I really like Steel types and Metagross is near the top of the pile. It looks kind of funny, sure, but it smashes things into teeny tiny bits and then smashes those bits into pulp. I'm pretty sure I've used one in every game where you can get it. — Robert Sinclair


Japanese culture has a thing for 19th century fairy tales, and some of them are read more widely in the East than they ever were in their home countries. One of these is L'Oiseau bleu, a 1908 play that is well enough known that at least a dozen anime and manga series have referenced it directly over the years. Pokémon, of course, is high up on that list. The play is about a pair of children, Mytyl and Tyltyl, who chase after the legendary Blue Bird of Happiness by using a magic hat. So how does this lead into Pokémon?

In Gen 3, we were introduced to Swablu — or to use his Japanese name, Tylutto. A bright blue bird that likes to sit on people's heads like a hat; there's really no better match between the pocket monsters and the fairy tale. It even has a name based on the main character from the play. He's a happy little neat freak who loves cleanliness and good living, and he certainly seems glad enough to bring happiness into other people's lives. Best of all, for those who take the time to work with him, he eventually evolves into Altaria, an actual dragon-type Pokémon. It's the quickest dragon-type to level up, and its mega-evolved form is crossed with fairy-type, making it even more useful. Still, no matter where the chase ends, it all starts with a cute little blue bird of happiness sitting on someone's head. — Michael Baker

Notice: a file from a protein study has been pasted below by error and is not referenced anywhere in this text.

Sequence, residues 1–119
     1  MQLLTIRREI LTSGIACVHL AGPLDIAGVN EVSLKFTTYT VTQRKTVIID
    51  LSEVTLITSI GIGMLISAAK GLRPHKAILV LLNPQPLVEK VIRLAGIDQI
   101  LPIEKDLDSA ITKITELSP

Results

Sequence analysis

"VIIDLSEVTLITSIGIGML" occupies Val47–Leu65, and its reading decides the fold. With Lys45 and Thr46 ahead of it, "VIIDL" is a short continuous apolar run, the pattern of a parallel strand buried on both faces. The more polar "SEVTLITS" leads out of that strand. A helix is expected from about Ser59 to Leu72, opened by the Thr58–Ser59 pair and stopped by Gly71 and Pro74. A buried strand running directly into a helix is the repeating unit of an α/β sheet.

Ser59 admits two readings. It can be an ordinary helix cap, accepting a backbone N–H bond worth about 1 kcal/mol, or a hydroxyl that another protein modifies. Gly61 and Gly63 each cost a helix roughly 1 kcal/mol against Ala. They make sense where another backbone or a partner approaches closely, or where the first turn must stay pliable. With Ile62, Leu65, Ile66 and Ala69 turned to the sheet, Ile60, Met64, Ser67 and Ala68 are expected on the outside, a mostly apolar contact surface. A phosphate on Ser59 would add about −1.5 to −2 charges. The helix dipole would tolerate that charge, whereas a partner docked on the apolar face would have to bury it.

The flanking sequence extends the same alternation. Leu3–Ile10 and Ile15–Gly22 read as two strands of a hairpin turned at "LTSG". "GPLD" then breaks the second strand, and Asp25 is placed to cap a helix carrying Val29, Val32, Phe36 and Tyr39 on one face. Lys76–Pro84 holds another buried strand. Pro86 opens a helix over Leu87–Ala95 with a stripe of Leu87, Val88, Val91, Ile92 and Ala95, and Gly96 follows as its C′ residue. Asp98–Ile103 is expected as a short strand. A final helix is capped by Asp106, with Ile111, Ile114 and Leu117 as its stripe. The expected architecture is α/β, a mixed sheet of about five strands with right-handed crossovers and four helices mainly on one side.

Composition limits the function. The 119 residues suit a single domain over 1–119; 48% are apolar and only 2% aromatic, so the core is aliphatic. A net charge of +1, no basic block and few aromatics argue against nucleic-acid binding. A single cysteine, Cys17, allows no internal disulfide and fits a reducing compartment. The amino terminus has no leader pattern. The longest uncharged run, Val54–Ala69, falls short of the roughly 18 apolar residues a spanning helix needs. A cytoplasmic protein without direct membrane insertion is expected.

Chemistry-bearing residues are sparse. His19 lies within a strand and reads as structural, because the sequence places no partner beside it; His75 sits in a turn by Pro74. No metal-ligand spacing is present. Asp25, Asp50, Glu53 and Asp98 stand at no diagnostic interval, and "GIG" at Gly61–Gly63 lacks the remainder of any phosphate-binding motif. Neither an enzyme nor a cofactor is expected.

Spoink. Just try saying that without it bringing a smile to your face. And if you succeed at that then try it again while watching the thing joyously bouncing. Pokémon aren't just about going around, which is probably just as well as this thing isn't likely to best a lot of others mentioned here in a straight fight; it's also about finding companions that will help you journey around and get through tougher times, and it's incredibly hard to be sad around around a Spoink. — Alex Fuller


Confession: I don't normally start with Fire Pokémon. In fact, I almost always choose Grass. There was just something different about Torchic though. Not only did I love the idea of starting with a Flying-type Pokémon, but the way Torchic was handled by the developers was kind of unique. You may have missed this, but Torchic bears the special honor of being the only starter Pokémon ever to have visible gender differences. In fact, all members in Torchic's evolutionary line have visible gender identifiers. This is a good thing, as gender identifiers are mostly represented in the Pokémon games through a male or female symbol next to the health bar. Making a starter Pokémon look slightly different dependent on gender is a touch that the developers didn't have to put in, but I'm glad they did. Also, Torchic is just damn cute. — Trent Seely